• A number of supermarkets have restricted or rationed the supplies of certain vegetables in response to, as this BBC article suggests, “extreme weather hit harvests abroad.” I can reassuringly suggest that there was no particular shortage at Karen and Neil’s excellent fruit and veg stand at Hungerford market this Wednesday (also in Thatcham on Fridays). I asked them about this dearth. “It often happens at this time of year,” they told me. “Spain had a bad harvest and the spring harvests in Belgium and there Netherlands aren’t quite ready yet. As you can see, we have all our usual stuff here, though some of it is a bit more expensive. It’s been a busy day.” The inference from this is that supermarkets would rather have occasional periods of dramatic-seeming shortage than risk paying their suppliers more and so not also set a precedent but also risk losing their status as the retailer of the cheapest cucumbers, tomatoes or red peppers. You can normally get what you want if you’re prepared to shop around and sometimes pay a bit more.

• Environment Secretary Therese Coffey has been ridiculed for suggesting that people should think about eating things like turnips if there are shortages of other vegetables but it’s actually quite good advice. Buying stuff that’s cheap, locally produced and in season makes a lot of sense. They are, for instance, very good at padding out stews.

• The award for the most stylish and pertinent use of paint in a public place  this week goes to the group Led by Donkeys, some of whose members painted the road outside the Russian Embassy in London in the colours of the Ukrainian flag. Four people have been arrested. If convicted of criminal damage or whatever they might need to do some community service, which could involve having to clean the paint off the road. I figure they’ll still feel it was all worth it.

• A mysterious spherical object has been washed ashore in Japan which is probably a buoy but which, in the context of the current paranoia about Chinese spy balloons could be, well, anything. My first thought when looking at the picture on this post was that it was the Moon, finally fallen for orbit: I mean, it’s got dips and bumps and everything. Then I reasoned that, if it were the moon, the two people in the photo would have been a lot smaller…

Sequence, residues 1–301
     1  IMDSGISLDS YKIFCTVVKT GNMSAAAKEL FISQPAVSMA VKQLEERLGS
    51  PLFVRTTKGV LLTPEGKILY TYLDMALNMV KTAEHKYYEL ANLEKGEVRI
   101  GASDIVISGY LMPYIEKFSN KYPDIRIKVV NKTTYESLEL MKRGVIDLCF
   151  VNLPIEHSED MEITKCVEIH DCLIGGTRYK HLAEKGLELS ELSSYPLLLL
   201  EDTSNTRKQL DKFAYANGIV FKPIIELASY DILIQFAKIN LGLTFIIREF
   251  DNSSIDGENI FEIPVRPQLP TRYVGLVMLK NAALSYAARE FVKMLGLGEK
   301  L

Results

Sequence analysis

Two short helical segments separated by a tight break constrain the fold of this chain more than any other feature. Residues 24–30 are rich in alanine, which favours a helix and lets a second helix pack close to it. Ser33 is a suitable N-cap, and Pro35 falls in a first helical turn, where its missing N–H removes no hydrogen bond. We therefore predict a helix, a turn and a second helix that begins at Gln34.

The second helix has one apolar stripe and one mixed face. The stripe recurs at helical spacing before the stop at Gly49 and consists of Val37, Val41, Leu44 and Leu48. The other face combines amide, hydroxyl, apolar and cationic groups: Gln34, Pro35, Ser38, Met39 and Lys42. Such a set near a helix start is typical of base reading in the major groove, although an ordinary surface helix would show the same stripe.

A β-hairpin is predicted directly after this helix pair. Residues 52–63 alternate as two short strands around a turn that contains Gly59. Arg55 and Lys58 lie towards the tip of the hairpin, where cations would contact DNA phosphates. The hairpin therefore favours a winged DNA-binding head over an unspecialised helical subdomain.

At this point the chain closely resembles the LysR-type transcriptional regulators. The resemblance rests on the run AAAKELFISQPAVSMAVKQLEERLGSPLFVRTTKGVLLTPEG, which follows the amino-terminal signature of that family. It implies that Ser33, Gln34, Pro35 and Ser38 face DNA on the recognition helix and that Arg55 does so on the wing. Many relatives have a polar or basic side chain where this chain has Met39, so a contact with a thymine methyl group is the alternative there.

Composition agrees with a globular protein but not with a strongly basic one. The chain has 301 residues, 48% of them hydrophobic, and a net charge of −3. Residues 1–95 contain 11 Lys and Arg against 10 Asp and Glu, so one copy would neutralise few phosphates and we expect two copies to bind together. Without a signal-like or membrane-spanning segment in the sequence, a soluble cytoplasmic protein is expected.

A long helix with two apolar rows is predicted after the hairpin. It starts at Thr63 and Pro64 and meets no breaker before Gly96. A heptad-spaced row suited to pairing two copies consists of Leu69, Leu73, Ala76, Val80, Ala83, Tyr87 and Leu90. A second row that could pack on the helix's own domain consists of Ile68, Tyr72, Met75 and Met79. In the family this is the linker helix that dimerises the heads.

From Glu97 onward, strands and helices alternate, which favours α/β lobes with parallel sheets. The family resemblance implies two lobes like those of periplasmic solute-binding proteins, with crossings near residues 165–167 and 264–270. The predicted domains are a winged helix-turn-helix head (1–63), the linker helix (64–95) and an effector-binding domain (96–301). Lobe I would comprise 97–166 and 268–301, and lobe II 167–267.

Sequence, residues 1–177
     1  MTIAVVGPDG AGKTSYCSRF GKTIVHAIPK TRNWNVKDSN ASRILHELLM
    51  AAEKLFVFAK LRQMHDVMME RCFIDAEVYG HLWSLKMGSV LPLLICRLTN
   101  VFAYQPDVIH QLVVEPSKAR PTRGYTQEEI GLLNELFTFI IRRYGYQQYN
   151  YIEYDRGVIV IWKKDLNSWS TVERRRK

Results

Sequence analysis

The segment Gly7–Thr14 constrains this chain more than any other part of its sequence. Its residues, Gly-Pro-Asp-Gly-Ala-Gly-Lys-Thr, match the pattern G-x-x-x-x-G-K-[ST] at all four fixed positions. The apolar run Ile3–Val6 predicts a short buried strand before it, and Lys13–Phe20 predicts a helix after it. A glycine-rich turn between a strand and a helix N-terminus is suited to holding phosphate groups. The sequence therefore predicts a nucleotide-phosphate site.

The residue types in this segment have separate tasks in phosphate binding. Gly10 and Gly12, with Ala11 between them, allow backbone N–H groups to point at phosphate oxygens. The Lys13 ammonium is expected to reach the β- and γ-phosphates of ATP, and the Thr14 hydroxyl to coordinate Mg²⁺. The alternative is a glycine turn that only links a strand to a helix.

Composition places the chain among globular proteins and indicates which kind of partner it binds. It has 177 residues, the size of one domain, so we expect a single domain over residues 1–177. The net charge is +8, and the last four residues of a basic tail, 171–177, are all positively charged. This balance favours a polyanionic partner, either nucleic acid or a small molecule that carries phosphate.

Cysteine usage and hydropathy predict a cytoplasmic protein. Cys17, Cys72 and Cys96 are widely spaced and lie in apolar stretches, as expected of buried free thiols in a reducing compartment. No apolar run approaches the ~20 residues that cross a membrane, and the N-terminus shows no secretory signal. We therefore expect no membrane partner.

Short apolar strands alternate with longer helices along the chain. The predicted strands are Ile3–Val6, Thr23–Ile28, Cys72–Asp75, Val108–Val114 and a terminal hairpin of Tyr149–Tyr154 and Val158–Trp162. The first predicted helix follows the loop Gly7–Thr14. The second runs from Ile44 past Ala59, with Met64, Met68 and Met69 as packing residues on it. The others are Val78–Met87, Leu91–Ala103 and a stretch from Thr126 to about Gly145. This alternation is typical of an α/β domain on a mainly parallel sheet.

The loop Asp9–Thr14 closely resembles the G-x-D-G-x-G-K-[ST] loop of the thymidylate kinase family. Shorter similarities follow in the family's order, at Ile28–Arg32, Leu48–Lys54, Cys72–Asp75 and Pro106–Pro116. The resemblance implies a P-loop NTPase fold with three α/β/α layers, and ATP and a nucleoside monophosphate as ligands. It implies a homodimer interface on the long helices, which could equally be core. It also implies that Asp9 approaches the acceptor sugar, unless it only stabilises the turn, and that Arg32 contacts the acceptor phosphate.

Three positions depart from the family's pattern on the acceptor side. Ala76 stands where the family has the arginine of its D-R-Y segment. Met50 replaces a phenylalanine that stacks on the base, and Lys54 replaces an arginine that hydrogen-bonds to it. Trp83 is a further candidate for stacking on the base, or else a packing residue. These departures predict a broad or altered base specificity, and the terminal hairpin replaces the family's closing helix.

Across the area

• News from your local council if you live in the Vale of White Horse, Wiltshire, Swindon or West Berkshire.

• Further information on your district, county or borough council’s activities is referred to in the respective Weekly News sections for the nine areas that Penny Post covers – Hungerford areaLambourn Valley; Marlborough area; Newbury area; Thatcham area; Compton and Downlands; Burghfield area; Wantage area

What lies beneath

I don’t know how many miles of hedges and acres of woods have been planted by community groups over the last few years but it’s a lot and continues still. The hedges are particularly useful where they join two other vegetated ares, so providing a useful wildlife corridor for a whole range of creatures on whose health and well-being, it is increasingly widely recognised, the whole eco-system depends.

One such hedge was planted here in East Garston last year, going a vegetation gap of about 150m in the Millennium Field where, some years ago and for whatever reason, fencing had been put up instead. A month or so ago, however, the East Garston Environmental Group which organised this received a nasty shock. Most of the infant hedge would need to be dug up as there was a sewer pipe underneath which – as local residents will be well aware – is currently being replaced. Thames Water was very decent about this and offered to lift and re-plant the hedge. This disruption is not ideal and, were the hedge to have been a few years older, might not have been possible at all.

This set me thinking. Information must exist about underground pipes, ducts, cables and all the other paraphernalia of modern life: this needs to be checked, for example, every time a planning application is considered. How great it would be, I thought, if local groups could establish in advance whether anything they were planting might risk being disturbed in this way. Sometimes moving the site only a few metres could make the difference. This digging-up doesn’t happen very often but, when it does, the results can be heartbreaking. It’s also a good general principle to know what lies underneath anything you want to be permanent.

Most voluntary groups don’t have any money so the service would need to be free. Most do not have expert knowledge so the information would need to be clear. Most do have the time or experience to know which of the many organisations to contact so the answer needed to be got from one source. I spoke to District Councillor Carolyne Culver, who’s been actively involved in many such planting exercises across the district: she didn’t know exactly where such information could be found but suggested I contact WBC’s Countryside Officer, Paul Hendry.